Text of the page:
What New Technology Was Sporked by Westward Expansion?

September 11, 2023
David Sunnyside

Amid the political and social upheavals of the first half of the 19th century, America began expanding westward. The western lands promised freedom and opportunity for the hardworking settlers who sought them. Rumors of rich farmland in Oregon and California, and a chance to own land, inspired many people to leave their homes to set out on the trail.

With the Louisiana Purchase (1803), the Lewis and Clark Expedition, and the War of 1812, President Thomas Jefferson established a policy of U.S. expansion that lasted through two more presidential administrations. This policy, known as Manifest Destiny, helped the nation consolidate its power in the world by establishing new frontier territories that stretched from the Atlantic to the Pacific.

The era of westward expansion brought with it several major technological advancements that altered the American landscape. Inventions such as the telegraph and railroad allowed Americans to communicate with each other across thousands of miles; trains brought a new level of speed, convenience, and security to travel; and barbed wire enabled settlers to establish large ranching empires.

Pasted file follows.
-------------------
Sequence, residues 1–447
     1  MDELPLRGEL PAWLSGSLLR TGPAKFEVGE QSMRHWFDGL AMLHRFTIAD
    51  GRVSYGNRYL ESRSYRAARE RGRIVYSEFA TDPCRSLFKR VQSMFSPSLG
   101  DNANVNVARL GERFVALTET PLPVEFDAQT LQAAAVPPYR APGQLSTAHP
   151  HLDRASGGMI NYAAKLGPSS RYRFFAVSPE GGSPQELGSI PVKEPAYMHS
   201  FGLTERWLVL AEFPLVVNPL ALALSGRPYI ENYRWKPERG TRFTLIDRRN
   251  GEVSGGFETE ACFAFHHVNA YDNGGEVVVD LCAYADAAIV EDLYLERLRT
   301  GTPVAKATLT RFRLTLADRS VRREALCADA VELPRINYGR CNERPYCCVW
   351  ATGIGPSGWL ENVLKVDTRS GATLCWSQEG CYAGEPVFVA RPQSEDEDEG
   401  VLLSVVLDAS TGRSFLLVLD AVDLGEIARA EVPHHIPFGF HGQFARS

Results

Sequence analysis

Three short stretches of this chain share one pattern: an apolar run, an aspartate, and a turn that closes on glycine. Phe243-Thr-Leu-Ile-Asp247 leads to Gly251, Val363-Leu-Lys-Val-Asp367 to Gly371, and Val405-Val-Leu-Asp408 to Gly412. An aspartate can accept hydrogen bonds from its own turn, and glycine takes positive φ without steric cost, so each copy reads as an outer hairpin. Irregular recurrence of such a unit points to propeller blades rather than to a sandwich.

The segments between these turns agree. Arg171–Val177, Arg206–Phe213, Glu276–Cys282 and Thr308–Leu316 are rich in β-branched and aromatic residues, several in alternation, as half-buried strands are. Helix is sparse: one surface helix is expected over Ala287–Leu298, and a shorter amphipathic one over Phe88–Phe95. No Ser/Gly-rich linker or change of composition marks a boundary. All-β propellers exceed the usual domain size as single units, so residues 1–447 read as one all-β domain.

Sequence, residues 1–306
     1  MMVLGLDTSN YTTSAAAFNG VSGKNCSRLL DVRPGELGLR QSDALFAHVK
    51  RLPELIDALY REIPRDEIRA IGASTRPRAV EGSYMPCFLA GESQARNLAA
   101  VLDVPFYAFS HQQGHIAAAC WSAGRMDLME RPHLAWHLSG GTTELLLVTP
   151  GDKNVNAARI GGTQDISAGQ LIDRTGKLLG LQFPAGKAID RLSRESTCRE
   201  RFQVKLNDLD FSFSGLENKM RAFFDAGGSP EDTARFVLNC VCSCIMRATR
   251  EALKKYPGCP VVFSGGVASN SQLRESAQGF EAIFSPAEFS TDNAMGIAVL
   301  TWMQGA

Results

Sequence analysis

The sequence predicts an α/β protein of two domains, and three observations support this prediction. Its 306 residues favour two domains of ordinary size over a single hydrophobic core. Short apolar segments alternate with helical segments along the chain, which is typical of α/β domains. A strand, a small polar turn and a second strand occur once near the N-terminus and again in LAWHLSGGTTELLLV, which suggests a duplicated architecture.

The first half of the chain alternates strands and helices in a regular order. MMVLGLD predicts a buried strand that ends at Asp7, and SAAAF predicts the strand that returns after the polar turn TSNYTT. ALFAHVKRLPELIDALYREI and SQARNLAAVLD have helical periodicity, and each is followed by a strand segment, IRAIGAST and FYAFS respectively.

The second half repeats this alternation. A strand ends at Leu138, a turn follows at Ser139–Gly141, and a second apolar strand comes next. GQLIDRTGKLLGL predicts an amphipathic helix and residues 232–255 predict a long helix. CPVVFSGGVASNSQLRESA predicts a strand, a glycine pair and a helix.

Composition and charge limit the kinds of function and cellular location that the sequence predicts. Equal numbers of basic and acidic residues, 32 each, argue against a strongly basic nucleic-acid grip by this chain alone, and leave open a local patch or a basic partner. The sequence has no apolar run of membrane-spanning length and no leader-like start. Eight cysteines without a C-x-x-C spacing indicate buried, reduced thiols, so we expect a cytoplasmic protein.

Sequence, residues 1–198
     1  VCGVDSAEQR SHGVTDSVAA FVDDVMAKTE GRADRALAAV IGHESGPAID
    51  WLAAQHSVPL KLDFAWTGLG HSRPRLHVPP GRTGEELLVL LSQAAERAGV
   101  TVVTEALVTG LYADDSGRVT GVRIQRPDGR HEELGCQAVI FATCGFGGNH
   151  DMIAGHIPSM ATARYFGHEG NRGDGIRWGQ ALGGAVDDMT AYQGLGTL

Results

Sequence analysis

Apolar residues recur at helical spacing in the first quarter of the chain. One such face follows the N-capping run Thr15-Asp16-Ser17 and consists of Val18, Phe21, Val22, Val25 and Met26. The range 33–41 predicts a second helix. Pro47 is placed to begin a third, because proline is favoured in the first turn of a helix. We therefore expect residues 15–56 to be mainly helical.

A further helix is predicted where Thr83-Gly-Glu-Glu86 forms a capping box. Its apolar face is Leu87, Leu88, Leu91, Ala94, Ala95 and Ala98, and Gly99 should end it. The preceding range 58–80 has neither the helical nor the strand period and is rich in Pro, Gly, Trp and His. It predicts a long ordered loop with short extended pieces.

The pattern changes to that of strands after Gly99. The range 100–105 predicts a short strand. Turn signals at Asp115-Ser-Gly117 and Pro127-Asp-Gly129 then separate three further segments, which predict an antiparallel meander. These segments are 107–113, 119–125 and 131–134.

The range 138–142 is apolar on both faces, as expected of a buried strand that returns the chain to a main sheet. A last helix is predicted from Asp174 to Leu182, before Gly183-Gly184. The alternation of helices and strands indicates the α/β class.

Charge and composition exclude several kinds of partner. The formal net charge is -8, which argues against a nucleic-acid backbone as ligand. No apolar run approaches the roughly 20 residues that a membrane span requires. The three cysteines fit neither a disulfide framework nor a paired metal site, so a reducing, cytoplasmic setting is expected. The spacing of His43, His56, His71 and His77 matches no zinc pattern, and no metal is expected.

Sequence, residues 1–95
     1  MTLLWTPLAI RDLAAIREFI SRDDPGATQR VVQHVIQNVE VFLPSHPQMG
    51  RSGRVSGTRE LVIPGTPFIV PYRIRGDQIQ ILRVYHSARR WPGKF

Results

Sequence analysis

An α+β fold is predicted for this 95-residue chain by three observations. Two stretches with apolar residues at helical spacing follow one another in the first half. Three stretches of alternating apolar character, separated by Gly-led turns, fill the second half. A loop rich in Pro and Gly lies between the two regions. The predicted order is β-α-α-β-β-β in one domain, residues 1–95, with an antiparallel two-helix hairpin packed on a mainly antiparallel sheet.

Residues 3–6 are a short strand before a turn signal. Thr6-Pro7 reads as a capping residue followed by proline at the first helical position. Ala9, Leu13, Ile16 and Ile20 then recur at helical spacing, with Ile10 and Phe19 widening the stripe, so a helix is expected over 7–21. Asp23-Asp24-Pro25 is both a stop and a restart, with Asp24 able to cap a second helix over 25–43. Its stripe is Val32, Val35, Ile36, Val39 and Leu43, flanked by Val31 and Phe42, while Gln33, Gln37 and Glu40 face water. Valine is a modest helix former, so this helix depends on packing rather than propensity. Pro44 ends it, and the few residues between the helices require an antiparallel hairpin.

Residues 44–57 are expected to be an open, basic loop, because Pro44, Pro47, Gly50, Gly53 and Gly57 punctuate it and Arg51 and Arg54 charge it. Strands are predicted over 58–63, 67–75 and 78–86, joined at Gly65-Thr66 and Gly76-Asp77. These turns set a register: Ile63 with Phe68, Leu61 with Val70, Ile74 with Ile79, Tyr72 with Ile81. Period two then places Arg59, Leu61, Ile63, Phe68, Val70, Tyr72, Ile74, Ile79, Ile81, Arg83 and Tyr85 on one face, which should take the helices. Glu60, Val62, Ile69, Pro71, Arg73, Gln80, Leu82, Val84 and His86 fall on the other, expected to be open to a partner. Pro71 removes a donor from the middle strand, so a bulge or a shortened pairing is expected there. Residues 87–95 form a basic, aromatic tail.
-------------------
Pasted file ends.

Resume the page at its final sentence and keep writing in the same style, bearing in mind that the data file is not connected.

The westward movement also accelerated the formation of new states, including California in 1850, Oregon in 1860, Nevada in 1864, Colorado in 1876, and South and North Dakota, Montana, Washington, Idaho, Wyoming, and Utah in 1890. In addition, the mechanization of agricultural machinery made it possible to cultivate larger crops with fewer workers. This included the mechanized reaper, steel plow, harrow, and the steel windmill. The introduction of these tools helped farmers in the West to grow crops like wheat, which became the nation’s breadbasket.

David Sunnyside
Co-founder of Urban Splatter • Digital Marketer • Engineer • Meditator
linkedin facebook pinterest youtube rss twitter instagram facebook-blank rss-blank linkedin-blank pinterest youtube twitter instagram